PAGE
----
Microsoft Build Retro

July 15, 2021

Microsoft Build Copyright Microsoft

What is a retro?

Just in case you are new to Agile or don’t hold retros (retrospectives) as ceremonies I will briefly describe them. The purpose of a retro is to point out usually in a sprint (period of work you are committing to do) what went well, what didn’t, and any praise for the team. You can alter what your questions are, but the goal is to make the team run more streamline. You can apply this mindset to other parts of your life and grow else where too!

What is Microsoft Build?

According to wiki “Microsoft Build (often stylised as //build/) is an annual conference event held by Microsoft, aimed at software engineers and web developers using Windows, Microsoft Azure and other Microsoft technologies.” That’s a fancy way to say it was a lot of fan fair and a lot commotion to get caught up in. That leaves the question was the event worth it? I think I can explain that in a few different ways.


I think another word for this title can be excitement or genuine entertainment of the presentation. Microsoft Build allows you to build your own track. There are so overarching presentations that everyone goes to, but there are also sessions and round tables for you to see at talk about what you want. For example, I attended a group about the future of VR and it was just a round table to discuss it with experts. There were other round tables too. I was able to fairly easily ask at least one question if I wanted in each round table. The only feedback I had was they were massive so you could connect with the table members, but meeting with other attendees was difficult.


One big part of Build that was advertised is a venue for people to connect. I did manage to connect with a few people, but being virtual and the HUGE round tables made networking with other attendees difficult. You had your round tables with say around 4-8 people leading it and then hundreds of other attendees in the round table. So it was hard to connect with other attendees. It was fairly easy to connect with the hosts. I would imagine in person you connect with other people much easier as it’s a by product of seeing the same people session to session in the crowds.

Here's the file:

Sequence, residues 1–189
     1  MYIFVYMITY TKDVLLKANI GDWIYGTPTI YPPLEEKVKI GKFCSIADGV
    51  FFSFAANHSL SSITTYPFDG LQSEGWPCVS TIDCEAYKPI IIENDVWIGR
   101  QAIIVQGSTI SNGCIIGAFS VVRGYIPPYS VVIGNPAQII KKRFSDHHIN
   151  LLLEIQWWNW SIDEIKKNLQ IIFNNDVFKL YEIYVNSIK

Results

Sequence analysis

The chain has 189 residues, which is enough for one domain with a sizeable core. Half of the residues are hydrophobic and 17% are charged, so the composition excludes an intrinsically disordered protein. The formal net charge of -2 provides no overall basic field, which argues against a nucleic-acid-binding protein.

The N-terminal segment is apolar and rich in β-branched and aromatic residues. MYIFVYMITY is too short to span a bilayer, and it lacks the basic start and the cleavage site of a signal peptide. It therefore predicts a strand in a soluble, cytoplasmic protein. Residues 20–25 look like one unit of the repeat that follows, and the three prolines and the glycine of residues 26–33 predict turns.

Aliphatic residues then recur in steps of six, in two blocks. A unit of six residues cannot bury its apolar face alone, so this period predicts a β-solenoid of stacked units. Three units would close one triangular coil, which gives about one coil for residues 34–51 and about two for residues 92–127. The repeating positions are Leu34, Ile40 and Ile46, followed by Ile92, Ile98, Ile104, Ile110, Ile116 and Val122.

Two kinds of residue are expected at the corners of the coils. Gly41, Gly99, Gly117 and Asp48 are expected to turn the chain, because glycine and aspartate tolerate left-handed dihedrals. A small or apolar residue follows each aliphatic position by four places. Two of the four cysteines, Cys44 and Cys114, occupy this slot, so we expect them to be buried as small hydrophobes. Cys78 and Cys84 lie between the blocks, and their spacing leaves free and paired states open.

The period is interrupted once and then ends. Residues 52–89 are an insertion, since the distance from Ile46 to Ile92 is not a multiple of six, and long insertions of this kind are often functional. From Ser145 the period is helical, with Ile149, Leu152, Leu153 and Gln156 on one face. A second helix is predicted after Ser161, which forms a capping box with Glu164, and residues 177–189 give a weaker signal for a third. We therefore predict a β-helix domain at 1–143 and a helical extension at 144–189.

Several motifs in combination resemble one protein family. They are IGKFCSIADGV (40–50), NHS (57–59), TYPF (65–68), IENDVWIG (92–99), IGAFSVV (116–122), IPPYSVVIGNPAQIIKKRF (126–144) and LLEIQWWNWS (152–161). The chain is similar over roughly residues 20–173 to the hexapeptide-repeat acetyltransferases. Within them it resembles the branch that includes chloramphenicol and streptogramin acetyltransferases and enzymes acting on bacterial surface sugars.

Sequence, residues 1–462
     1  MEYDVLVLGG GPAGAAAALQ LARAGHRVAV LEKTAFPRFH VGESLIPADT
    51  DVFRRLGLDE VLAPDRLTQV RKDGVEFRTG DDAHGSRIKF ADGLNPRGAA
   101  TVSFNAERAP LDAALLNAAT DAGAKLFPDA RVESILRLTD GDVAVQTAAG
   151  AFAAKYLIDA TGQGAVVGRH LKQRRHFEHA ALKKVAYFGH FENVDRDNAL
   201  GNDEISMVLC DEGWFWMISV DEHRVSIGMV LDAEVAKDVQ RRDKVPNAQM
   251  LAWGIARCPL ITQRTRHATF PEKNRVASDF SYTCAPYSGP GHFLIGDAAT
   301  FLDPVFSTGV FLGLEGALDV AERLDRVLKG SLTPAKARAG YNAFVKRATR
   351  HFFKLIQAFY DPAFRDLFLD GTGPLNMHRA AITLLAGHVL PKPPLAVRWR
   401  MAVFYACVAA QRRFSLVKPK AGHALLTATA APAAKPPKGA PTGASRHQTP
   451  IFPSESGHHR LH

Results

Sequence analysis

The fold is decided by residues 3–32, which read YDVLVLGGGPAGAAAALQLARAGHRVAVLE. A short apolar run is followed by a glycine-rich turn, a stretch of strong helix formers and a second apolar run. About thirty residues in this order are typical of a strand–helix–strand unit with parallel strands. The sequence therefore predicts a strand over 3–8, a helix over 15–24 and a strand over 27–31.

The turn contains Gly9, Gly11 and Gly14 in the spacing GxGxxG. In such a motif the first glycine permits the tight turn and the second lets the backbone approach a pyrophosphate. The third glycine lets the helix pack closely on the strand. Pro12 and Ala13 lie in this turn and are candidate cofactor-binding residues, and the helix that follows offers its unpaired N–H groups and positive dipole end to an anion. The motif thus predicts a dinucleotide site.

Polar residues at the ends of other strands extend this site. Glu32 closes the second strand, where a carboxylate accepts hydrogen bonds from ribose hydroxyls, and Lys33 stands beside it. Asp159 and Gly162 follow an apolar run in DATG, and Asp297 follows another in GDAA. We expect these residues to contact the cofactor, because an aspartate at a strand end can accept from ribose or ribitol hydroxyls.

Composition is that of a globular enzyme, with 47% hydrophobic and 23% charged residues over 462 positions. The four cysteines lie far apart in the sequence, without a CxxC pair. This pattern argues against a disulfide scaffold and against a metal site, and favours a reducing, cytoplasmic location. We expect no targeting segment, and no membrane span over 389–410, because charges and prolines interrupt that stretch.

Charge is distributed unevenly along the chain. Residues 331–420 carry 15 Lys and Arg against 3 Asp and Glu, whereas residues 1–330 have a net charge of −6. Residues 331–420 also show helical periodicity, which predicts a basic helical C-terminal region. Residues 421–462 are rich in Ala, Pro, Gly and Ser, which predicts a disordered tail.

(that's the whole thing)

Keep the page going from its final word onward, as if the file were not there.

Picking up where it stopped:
Microsoft does do a great job of sending out all event info ahead of time and had a fairly nice scheduling assistant for planning your build event. This includes all main stage events and other side round table discussions. I really liked this and it helped build up my own hype for the event as I looked forward to discussions.

Was it worth it?

Absolutely! I think next time even being in person I would go for it and say it was worth it. Online it’s absolutely worth it. I would highly recommend the event to anyone who uses any Microsoft development products on a daily basis. It hyped me up for the future of development and made me excited to work on my craft!

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Written by Alec Harrison relocated to Omaha, NE. Any questions about any post feel free to connect with me on LinkedIn and message me there.You should checkout IMAUG!